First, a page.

Misdemeanor Pretrial Intervention Programs

First Chance Intervention Program

Participation in this program means that the participant WILL NOT be arrested at the scene. The participant will be offered the program and instructed to appear at a location to enroll in the program. If the participant is successful in the program there will be NO CRIMINAL record of this offense.

Begin Date: October 6, 2014

Eligibility Requirements: First-time offender detained for possession of marijuana, 2 ounces or less (Class B) including “Drug Free Zone” POM offenses, and possesses sufficient identifying information.

Exclusions: If a participant has additional charges out of the instant detention (other than Class C tickets), has outstanding warrants or holds (excluding Class C charges), has criminal convictions as an adult (including Class B offense or above), has received or is currently on a probation or deferred adjudication as an adult (Class B offense or above), is currently on bond as an adult (Class B offense or above), or has previously participated in this program or another pretrial intervention program as an adult.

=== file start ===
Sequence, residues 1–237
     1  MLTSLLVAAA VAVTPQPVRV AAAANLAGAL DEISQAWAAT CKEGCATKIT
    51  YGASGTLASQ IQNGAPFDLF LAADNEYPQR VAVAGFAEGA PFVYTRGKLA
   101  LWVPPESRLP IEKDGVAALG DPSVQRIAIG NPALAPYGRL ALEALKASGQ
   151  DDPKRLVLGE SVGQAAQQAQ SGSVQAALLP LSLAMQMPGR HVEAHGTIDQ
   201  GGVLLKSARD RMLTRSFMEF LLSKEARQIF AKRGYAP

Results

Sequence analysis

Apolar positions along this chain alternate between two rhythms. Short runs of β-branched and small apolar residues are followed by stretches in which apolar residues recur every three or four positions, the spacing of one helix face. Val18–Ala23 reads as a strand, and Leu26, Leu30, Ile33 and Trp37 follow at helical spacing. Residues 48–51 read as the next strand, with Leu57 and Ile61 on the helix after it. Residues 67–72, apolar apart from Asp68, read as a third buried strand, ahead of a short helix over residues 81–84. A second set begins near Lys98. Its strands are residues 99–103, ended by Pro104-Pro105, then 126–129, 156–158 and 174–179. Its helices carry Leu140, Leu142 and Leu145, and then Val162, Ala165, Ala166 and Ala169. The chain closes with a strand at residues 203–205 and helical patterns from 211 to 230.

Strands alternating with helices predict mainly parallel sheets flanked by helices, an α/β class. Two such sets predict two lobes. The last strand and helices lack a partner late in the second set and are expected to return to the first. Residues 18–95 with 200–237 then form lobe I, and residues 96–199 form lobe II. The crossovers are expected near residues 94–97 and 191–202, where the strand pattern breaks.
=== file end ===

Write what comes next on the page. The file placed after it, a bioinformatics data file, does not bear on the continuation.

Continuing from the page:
Length of Program: 60 Days or 90 Days

Requirements: The participant is assessed by Pretrial Services and must either perform 8 hours of community service or attend an 8 hours cognitive skills class.

Retail Theft Pre-Trial Intervention: (Post-Charge)

If the defendant successfully completes the program, the case will be dismissed. The defendant may seek an immediate expunction.

Begin Date: February 1, 2016

Eligibility: First-time offender charged with Class B Theft (Retail only $100-$750). The property must be recovered and no outstanding restitution. There must be no evidence of assaultive conduct from the defendant toward anyone during this offense of retail theft. The defendant is not required to submit a packet.